Mark Wahlberg reflects on criminal past: ‘I made a lot of terrible mistakes and I paid for those mistakes dearly’

Written by on March 23, 2020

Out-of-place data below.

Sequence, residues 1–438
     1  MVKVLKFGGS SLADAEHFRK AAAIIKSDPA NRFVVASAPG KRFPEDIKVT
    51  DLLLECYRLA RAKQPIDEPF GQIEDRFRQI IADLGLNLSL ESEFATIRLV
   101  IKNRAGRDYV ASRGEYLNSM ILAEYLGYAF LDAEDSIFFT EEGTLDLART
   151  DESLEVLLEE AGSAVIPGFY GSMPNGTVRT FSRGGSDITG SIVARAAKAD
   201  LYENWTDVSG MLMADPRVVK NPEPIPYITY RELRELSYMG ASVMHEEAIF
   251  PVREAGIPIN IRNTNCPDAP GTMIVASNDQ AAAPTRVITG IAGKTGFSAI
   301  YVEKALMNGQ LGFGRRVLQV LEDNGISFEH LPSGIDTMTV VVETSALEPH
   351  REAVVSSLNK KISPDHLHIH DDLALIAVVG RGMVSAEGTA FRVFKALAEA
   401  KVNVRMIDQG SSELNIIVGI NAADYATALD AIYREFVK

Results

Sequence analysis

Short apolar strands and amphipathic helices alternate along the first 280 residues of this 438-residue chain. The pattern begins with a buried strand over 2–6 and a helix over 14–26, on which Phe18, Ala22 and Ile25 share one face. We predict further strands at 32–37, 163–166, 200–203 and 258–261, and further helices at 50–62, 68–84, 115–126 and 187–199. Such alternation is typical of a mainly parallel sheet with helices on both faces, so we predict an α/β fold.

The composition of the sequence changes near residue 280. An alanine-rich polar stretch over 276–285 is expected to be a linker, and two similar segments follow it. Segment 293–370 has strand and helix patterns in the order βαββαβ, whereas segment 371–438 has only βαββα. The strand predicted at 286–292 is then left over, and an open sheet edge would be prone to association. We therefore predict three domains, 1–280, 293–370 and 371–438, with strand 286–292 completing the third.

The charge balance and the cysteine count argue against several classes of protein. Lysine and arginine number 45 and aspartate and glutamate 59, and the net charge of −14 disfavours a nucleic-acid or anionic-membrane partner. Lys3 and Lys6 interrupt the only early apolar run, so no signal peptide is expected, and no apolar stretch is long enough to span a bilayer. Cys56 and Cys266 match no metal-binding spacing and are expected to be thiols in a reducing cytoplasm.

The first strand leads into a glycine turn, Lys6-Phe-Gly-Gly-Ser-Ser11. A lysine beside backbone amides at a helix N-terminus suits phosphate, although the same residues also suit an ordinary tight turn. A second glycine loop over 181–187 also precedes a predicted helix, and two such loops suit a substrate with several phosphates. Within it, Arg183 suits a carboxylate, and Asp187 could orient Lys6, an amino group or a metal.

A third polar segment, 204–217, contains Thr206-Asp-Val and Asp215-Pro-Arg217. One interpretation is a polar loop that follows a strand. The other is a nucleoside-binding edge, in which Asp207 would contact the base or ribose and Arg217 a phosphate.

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Mark Wahlberg may be one of the biggest names on the big screen, but the Spenser: Confidential star, 48, says he doesn’t have all that much to do with Hollywood. “I’m so out of the loop with Hollywood,” the actor told the Guardian in a revealing new interview. “Other than working, I go to the supermarket. I don’t go to dinner parties on the scene, or screenings. I live in Beverly Hills, but it could easily be the English countryside, because I don’t see anyone and I don’t do anything. I don’t go to awards unless I have a movie in them. I go to bed early, I get up early, I take my kids to school and I’m with my wife if I’m not I’m working.”  It’s a far cry from Wahlberg’s tumultuous upbringing in Boston, where the youngest of nine kids dealt with a challenging life both at home and outside.  “When I walked out my door — violence is also all that was there,” said Wahlberg, adding that he was “always in trouble, and I was kind of little. In the circumstances where I was being preyed upon, at times, I had to protect and defend myself. It’s not an easy thing to navigate as a teenage kid who’s 5’2, 120 pounds, with grown men.”  Wahlberg recognizes that he made some tragic mistakes during his youth. He found himself incarcerated after attacking a man while high on drugs in 1988, serving 45 days out of a two-year sentence after pleading guilty to felony assault.  “I made a lot of terrible mistakes and I paid for those mistakes dearly,” said Wahlberg, who decided to overhaul his life and “do the work.”  “I took it upon myself to own up to my mistakes and go against the grain and not be a part of the gang any more — to say that I was going to go and do my own thing,” he said. “Which made it 10 times more difficult to walk from my home to the train station, to go to school, to go to work.”  Determined to “do the right thing,” Wahlberg embraced his second chance in life. Now, he channels his own experiences into his work.


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